Depression and the risk of psoriatic arthritis

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Psoriasis is a lifelong disease that is associated with significant cosmetic and physical disability and puts patients at increased risk for many major medical disorders. Around 30% of those with psoriasis develop psoriatic arthritis, which is characterised by painful joint inflammation; though it is unclear which patients with psoriasis go on to develop arthritic changes.  This recently published study from Canada, suggests that depression may be a trigger.  

Researchers used The Health Improvement Network (THIN) – a large UK General Practice database - to identify more than 70,000 patients with a new diagnosis of psoriasis.

Through follow-up records, they identified individuals who subsequently developed depression and those who developed psoriatic arthritis. Patients were followed for up to 25 years or until they developed psoriatic arthritis.

Statistical analysis showed that patients with psoriasis who developed major depressive disorder were at 37% greater risk of subsequently developing psoriatic arthritis compared with patients who did not develop depression, even after accounting for numerous other factors such as age and use of alcohol.  Exactly why depression may increase the risk for arthritis is not clear, but it may be that depression alters the immune system so as to make the underlying inflammation worse, leading to joint changes.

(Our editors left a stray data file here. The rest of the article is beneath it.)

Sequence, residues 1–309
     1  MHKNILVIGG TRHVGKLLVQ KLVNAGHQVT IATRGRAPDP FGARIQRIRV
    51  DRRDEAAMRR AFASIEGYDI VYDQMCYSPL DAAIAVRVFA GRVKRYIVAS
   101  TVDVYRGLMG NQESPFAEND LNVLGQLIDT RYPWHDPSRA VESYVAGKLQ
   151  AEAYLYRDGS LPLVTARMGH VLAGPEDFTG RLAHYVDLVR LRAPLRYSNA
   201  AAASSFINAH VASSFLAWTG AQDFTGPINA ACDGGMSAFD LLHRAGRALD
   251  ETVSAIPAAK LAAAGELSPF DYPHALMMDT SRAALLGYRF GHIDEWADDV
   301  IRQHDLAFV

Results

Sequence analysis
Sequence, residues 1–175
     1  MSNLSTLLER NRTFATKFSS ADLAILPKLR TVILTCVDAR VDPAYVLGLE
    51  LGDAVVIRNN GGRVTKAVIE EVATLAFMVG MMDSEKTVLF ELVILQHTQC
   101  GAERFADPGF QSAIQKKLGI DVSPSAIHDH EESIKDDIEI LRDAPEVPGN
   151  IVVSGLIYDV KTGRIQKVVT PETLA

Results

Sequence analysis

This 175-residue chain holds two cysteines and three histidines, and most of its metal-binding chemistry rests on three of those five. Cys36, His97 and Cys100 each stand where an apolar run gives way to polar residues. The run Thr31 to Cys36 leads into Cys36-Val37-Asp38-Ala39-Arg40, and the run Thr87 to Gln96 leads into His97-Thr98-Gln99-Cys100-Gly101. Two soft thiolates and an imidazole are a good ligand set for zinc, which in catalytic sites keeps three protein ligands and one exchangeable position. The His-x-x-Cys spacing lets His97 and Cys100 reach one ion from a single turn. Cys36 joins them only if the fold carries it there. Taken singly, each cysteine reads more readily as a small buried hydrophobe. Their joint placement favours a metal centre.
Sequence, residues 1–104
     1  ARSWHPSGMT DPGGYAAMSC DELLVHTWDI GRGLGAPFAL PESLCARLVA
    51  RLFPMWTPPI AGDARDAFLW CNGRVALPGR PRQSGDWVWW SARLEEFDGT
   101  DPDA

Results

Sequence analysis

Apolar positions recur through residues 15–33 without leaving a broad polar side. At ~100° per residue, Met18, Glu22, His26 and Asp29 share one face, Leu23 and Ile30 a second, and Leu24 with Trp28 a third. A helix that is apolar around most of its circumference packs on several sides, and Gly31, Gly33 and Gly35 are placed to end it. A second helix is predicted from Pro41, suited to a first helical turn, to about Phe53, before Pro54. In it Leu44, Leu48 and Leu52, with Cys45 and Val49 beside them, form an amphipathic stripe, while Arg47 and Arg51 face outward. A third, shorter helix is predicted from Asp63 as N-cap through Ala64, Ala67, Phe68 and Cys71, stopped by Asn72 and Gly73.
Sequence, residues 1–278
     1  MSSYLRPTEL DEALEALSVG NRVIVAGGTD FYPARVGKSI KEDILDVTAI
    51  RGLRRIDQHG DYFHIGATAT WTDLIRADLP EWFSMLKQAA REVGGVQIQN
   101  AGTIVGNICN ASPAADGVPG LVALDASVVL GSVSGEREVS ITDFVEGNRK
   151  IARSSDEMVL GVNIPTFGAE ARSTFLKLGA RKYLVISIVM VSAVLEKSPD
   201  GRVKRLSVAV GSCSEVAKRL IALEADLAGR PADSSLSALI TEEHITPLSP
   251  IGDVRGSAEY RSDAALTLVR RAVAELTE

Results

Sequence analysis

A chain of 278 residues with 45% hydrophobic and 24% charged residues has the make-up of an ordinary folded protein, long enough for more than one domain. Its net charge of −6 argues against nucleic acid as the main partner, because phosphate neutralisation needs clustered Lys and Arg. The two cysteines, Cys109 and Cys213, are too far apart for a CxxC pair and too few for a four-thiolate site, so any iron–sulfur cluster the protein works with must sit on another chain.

What is clear, however, is that doctors caring for patients with psoriasis need to be very aware of the importance of depression and should be prepared to intervene early with appropriate treatment, including anti-depressant medication.  In addition, patients with psoriasis should be encouraged to visit their GP if they are experiencing severe mood changes.  

Prompt treatment of depressive symptoms may help to prevent progression of psoriasis into the arthritic phase of the disease.  

Dr David Ashton MD PhD
28 March 2017

Lewinson RT et al. Depression Is Associated with an Increased Risk of Psoriatic Arthritis among Patients with Psoriasis: A Population-Based Study. Journal of Investigative Dermatology, 2017